By Jack Spaulding
Indiana’s DNR stocked 5,228 rainbow trout in five different lakes and streams across Indiana this month. Curtis Creek Trout Rearing Station had a surplus of trout, which allowed for the additional stockings. The stocked surplus trout are greater than 7 inches on average.
Stocking locations included:
- Pinhook Lake (South Bend, St. Joseph County), 400 fish
- Fancher Lake (Crown Point, Lake County), 1,000 fish
- Delaware Lake (Fort Harrison State Park, Marion County), 700 fish
- Cedar Lake (Whitley County), 2,128 fish
- Brookville Reservoir Tailwater (Franklin County), 1,000 fish
Anglers ages 18 and older need an Indiana fishing license and a trout/salmon stamp to fish for trout. The bag limit for trout in inland waters, other than Lake Michigan and its tributaries, is five fish per day with a minimum size limit of 7 inches. There is no closed season for taking trout from inland lakes. Review inland trout regulations online at eregulations.com/indiana/fishing/inland-trout-regulations/.
Free youth hunting days
Do you know a kid who’s interested in hunting, but not sure when the best time is to start mentoring them? Then, you might want to take advantage of free youth hunting days, which occur twice annually in the fall. The second set of dates this year falls on Nov. 27-28, the weekend after Thanksgiving. Several seasons are open. Any resident age 17 or younger on the date of the hunt, accompanied by an adult with a hunting license (at least 18 years of age), may take any legal game in season during the special weekend. Learn more about requirements and other youth hunt opportunities online.
Lake trout fishing is good on Lake Michigan
Beginning in late October, Lake Michigan’s native lake trout venture into shallower water seeking food and places to spawn. The fish congregate near rocky structures and offer excellent fishing opportunities for both shore and boat anglers. When the water temperatures drop below 50 degrees, shoreline anglers should cast blade baits, spinners, and spoons from the Michigan City Pier and Portage Lakefront Park to attract the large fish. Boaters can also enjoy reliable action, especially off the Port of Indiana submerged reef in Burns Harbor or along the break walls in East Chicago’s Pastrick Marina, Hammond’s Hammond Marina and Michigan City’s Washington Park.
Lake trout average 6-10 pounds but can tip the scales at 15 pounds or more. Use a medium or heavy action spinning or bait-cast rod spooled with 10- or 12-pound test line to compensate for the heavy fish. Rod action refers to how much the rod flexes when there’s something on the hook – heavy action provides a stiffer rod.
Anglers may increase their success by either jigging with blade baits and tube jigs or slowly trolling near the bottom of the lake. Downriggers, which are devices attached to the boat using weights to fish at specific depths, are popular when targeting lake trout this time of year. If you prefer to catch-and-release, the cold water creates better opportunities for successful release; however, keep in mind smaller lake trout are excellent table fare.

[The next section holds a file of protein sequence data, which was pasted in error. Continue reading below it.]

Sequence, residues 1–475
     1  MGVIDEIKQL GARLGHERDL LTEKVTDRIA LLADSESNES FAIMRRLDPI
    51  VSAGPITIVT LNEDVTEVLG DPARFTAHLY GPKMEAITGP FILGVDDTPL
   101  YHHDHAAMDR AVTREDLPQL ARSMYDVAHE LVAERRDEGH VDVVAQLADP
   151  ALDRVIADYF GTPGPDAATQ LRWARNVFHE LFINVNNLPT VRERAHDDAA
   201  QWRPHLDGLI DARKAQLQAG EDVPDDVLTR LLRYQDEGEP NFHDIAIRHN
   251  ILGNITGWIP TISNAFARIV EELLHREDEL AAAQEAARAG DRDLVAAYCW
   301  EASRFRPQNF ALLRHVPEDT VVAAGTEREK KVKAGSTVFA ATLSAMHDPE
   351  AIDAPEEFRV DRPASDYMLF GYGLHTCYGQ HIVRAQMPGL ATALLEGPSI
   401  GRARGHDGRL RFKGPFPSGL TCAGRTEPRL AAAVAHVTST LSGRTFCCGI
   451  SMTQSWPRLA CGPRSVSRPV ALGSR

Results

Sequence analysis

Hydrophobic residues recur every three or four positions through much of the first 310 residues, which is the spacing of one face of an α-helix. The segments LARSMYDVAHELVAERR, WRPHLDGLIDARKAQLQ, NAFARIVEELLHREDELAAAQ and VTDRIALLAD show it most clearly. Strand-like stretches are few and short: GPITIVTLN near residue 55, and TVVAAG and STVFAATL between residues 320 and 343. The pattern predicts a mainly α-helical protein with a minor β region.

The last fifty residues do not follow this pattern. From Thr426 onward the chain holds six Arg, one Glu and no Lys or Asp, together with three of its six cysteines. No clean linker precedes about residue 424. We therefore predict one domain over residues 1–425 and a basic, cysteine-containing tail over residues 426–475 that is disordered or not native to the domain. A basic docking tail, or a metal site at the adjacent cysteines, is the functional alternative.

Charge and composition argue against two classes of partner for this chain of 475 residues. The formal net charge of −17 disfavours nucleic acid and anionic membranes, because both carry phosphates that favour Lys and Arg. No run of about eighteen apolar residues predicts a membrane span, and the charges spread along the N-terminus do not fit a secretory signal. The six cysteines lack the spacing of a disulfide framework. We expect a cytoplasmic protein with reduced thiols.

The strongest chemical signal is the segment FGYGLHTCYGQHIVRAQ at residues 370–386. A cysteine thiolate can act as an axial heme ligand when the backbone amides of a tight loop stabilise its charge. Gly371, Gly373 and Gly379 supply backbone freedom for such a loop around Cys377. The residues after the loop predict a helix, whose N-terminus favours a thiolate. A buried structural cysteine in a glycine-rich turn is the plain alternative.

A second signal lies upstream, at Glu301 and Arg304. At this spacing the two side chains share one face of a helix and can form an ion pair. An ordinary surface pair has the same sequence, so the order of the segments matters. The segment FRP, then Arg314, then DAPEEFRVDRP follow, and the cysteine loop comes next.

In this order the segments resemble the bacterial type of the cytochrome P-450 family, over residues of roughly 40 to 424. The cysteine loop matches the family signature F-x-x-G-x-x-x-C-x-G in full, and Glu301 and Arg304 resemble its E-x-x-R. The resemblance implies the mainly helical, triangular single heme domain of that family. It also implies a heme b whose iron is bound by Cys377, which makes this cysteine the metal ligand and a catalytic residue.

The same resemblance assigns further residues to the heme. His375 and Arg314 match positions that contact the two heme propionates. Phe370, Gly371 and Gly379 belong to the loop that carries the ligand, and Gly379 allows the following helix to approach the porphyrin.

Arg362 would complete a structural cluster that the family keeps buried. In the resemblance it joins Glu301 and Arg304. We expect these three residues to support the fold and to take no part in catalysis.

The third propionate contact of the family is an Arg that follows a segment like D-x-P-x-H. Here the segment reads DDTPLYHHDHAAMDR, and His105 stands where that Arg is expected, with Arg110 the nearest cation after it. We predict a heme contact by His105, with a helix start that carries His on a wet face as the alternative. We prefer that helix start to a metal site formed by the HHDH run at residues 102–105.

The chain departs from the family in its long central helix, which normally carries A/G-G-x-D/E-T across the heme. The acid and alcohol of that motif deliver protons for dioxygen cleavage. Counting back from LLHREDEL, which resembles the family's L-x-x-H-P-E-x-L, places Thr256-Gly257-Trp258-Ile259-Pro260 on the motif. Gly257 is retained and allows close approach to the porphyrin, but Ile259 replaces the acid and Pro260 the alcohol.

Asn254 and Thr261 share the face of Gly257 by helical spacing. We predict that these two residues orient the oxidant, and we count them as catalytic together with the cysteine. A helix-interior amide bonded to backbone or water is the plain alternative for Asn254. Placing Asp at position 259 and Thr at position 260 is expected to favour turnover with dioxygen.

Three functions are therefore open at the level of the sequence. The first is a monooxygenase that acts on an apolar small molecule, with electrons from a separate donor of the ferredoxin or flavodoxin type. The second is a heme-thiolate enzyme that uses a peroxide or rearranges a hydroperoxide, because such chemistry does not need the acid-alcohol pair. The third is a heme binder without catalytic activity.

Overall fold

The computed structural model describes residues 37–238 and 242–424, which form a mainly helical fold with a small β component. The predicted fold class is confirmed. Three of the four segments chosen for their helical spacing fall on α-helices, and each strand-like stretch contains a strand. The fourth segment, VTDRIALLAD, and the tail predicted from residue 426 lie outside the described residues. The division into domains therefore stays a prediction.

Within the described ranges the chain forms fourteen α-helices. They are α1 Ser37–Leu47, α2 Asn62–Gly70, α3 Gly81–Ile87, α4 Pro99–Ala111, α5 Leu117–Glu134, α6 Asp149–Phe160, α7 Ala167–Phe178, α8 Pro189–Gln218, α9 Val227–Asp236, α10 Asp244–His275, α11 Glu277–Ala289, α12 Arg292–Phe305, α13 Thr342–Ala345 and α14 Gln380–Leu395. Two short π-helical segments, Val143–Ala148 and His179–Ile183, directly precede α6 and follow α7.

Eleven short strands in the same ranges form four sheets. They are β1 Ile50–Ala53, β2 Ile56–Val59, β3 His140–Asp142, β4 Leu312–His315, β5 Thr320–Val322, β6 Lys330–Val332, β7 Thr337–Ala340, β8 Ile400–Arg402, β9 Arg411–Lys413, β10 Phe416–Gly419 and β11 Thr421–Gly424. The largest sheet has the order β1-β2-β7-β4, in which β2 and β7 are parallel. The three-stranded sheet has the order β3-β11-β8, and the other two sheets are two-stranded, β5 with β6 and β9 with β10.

Anglers need a valid fishing license and trout/salmon stamp to fish for lake trout. Buy online or purchase at a local retailer.
Arcola hunter injured in firearms accident
Indiana Conservation officers are investigating a hunting accident that occurred Nov. 14 in Allen County. About 9 a.m., responders were dispatched to private property near the 3900 block of Felger Road for a person possibly shot in a hunting related accident.
Charles Spicer, 57, of Arcola, was deer hunting on private property with three other hunters when he was struck in the chest by either a bullet or bullet fragment fired by another hunter in his party. Spicer was taken to a private residence and then transported by ambulance to Parkview Regional Medical Center in good condition.
All parties involved were wearing hunter orange as required by Indiana law. The incident is still under investigation.
Conservation officers would like to remind all hunters to always wear hunter orange and to be sure to always identify your target and what lies beyond it before discharging your firearm while hunting. Officers were assisted on-scene by the Allen County Sheriff’s Department, Arcola Fire Department and Three Rivers Ambulance Authority.
ORV accident kills Shelburn man
Indiana Conservation officers are investigating a fatal off-road vehicle (ORV) accident occurring Nov. 13 in Sullivan County. Around 4:45 p.m,, Indiana Conservation officers were dispatched to a property near the 600 block of Orchard Street for a possible fatal ORV accident.
Upon arrival, responders learned Billy Joe Alumbaugh, 53, of Shelburn, had failed to return home when expected, and concerned family members set out to find him. While searching the area, family members located Alumbaugh and his amphibious ORV in Busseron Creek. Alumbaugh was unresponsive and pinned under a fallen tree, still occupying his ORV. He was pronounced dead on the scene. The investigation has determined the death as accidental, and no foul play is suspected.
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Spaulding’s books, “The Best of Spaulding Outdoors,” and his latest, “The Coon Hunter And The Kid,” are available from Amazon.com.